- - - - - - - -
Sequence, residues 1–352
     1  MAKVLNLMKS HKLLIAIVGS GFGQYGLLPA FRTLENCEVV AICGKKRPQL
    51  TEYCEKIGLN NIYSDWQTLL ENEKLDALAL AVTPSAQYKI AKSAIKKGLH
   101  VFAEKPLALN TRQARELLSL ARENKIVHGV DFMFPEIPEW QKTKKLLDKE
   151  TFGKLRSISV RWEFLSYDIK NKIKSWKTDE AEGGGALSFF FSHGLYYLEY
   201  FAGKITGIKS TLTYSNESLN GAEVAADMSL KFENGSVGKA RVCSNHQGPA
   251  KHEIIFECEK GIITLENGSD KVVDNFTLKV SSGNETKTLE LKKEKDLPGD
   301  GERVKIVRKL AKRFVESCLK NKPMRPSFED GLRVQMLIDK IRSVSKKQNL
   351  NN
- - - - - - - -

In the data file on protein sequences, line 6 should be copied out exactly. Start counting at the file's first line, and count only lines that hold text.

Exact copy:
   201  FAGKITGIKS TLTYSNESLN GAEVAADMSL KFENGSVGKA RVCSNHQGPA